interprets this address in either pages or lines depending
on the command. A signed address specifies a point
relative to the current page or line, and an unsigned
address specifies an address relative to the beginning of
the file. Each command has a default address if no address is
The perusal commands and their defaults are as follows:
The following perusal commands take no address:
(+1) <Return> or <Space>
Causes one page to be displayed. The address is specified
With a signed address, causes pg to simulate
scrolling the screen, forward or backward, the number of lines
specified. With an unsigned address this command displays
a full screen of text beginning at the specified line.
(+1) d or <Ctrl>d
Simulates scrolling half a screen forward or backward.
The following commands are available for searching for text patterns
in the text. The regular expressions described in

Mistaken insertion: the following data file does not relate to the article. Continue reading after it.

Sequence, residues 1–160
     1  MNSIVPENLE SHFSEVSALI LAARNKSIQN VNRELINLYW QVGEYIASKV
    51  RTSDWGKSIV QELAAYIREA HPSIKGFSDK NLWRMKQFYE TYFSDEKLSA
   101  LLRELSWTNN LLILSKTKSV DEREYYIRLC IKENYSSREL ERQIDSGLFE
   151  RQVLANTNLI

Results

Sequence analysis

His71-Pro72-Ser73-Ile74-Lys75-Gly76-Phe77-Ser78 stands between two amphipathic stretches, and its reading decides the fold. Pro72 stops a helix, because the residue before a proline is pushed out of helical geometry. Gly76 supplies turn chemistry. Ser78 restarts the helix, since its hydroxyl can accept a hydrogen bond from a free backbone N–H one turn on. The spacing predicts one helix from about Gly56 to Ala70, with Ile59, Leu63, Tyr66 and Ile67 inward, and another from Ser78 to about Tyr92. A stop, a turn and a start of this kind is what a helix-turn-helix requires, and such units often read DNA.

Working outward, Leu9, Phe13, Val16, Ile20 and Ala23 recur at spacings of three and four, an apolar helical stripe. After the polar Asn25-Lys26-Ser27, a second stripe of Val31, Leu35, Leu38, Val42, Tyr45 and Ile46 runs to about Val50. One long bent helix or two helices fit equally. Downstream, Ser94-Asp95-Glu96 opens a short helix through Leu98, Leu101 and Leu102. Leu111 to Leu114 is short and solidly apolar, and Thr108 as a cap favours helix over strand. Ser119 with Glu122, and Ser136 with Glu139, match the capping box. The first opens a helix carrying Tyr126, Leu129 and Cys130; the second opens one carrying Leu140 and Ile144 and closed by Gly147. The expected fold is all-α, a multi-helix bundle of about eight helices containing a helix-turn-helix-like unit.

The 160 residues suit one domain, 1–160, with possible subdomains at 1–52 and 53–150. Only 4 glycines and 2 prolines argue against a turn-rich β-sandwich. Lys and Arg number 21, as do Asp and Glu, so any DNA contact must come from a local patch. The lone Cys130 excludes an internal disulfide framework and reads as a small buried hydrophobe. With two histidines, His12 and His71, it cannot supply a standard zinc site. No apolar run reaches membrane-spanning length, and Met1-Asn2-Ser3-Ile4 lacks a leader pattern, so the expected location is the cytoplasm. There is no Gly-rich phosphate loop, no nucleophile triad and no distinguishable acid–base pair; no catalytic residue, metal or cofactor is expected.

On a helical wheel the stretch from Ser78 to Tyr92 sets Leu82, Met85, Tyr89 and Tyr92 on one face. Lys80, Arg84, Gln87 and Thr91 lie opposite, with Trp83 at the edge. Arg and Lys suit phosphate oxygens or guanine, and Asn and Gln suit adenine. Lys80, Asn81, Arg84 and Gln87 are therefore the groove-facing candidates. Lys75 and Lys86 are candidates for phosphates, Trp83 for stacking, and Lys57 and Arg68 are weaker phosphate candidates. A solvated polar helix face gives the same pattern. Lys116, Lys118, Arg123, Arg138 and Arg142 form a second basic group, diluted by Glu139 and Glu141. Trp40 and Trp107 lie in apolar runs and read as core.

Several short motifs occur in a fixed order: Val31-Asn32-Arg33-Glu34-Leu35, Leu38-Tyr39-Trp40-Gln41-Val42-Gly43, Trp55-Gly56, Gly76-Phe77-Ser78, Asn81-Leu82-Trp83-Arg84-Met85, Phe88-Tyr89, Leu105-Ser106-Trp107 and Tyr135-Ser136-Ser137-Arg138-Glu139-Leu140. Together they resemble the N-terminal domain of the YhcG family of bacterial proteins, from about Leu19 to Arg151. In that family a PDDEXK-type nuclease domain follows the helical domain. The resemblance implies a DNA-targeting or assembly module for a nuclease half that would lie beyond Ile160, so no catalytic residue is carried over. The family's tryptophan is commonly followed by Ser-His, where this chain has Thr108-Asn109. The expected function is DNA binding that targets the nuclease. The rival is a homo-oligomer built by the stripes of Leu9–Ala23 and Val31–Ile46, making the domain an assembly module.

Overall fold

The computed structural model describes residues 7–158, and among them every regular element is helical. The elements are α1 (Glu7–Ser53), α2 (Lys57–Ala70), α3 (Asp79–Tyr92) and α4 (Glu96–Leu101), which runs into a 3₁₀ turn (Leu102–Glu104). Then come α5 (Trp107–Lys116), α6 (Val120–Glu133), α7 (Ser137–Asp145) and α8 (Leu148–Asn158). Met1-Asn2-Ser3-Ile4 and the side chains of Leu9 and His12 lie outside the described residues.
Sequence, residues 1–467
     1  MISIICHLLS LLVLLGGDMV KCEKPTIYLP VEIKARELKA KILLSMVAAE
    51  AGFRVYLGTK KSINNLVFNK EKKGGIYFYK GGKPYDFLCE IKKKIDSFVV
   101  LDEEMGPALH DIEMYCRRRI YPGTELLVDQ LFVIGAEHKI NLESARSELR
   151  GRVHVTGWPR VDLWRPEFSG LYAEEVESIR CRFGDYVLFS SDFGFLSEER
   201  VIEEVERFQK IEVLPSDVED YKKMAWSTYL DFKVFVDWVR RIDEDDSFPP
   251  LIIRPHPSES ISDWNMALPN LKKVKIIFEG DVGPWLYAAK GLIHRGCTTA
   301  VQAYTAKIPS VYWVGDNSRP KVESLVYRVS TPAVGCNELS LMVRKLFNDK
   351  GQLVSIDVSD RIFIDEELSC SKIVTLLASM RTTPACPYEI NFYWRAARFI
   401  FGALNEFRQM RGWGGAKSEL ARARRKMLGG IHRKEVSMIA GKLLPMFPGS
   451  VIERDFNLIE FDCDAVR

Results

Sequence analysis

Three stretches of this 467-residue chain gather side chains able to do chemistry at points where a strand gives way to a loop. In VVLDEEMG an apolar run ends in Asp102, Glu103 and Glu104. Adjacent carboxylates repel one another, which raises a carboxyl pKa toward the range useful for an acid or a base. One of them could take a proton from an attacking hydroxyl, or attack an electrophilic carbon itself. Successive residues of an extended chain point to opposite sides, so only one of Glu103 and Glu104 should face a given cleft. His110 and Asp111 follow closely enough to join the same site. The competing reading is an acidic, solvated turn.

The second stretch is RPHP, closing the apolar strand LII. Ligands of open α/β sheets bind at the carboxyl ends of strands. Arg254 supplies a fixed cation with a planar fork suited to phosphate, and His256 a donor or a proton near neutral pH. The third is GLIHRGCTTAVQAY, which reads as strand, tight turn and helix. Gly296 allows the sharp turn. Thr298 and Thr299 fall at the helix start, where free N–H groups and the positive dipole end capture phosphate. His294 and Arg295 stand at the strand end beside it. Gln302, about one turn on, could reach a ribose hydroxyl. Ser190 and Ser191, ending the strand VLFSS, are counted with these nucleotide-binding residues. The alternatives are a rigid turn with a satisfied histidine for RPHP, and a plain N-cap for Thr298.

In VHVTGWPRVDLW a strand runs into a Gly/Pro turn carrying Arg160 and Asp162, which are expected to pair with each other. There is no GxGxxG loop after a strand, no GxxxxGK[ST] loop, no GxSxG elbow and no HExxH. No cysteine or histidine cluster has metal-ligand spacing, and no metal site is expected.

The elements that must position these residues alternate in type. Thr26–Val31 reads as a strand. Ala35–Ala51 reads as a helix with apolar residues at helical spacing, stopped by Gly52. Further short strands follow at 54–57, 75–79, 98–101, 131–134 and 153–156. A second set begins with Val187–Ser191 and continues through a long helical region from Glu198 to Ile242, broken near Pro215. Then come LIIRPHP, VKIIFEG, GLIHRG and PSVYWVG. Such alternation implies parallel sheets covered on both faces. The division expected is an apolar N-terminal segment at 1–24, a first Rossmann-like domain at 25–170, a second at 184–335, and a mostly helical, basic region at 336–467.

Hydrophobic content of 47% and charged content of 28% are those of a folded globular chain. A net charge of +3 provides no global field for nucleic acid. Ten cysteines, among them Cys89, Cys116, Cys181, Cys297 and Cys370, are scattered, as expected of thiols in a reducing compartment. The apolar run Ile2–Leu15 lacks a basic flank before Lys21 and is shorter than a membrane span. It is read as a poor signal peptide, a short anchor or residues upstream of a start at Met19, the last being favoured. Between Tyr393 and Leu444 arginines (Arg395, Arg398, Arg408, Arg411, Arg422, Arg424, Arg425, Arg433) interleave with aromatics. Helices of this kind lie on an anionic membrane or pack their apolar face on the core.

are available. They must always be terminated by a newline
character, even if the -n option is specified.
. or <Ctrl>l
Causes the current page of text to be redisplayed.
Displays the last screen of text in the file. Use with caution when
the input is a pipe.
Search forward for the ith (default i=1)
occurrence of pattern. Searching begins immediately after
the current page and continues to the end of the current file,
After searching, pg displays the line found at the top of
the screen. You can modify this by appending m or
b to the search command to leave the line found in the
middle or at the bottom of the window from now on. Use the suffix
t to restore the original situation.
Search backwards for the ith (default i=1)
occurrence of pattern. Searching begins immediately before
the current page and continues to the beginning of the current file,
without wrap-around. The caret (^) notation is useful for terminals
which will not properly handle the question mark (?).
The following commands modify the environment of perusal:
At any time when output is being sent to the terminal, the user can
press the QUIT key (normally <Ctrl>\) or the
INTERRUPT key (normally <Break>). This causes pg
to stop sending output, and display the prompt. The user may then
enter one of the above commands in the normal manner. Unfortunately,
some output is lost when this is done, because any characters
waiting in the terminal's output queue are flushed when the quit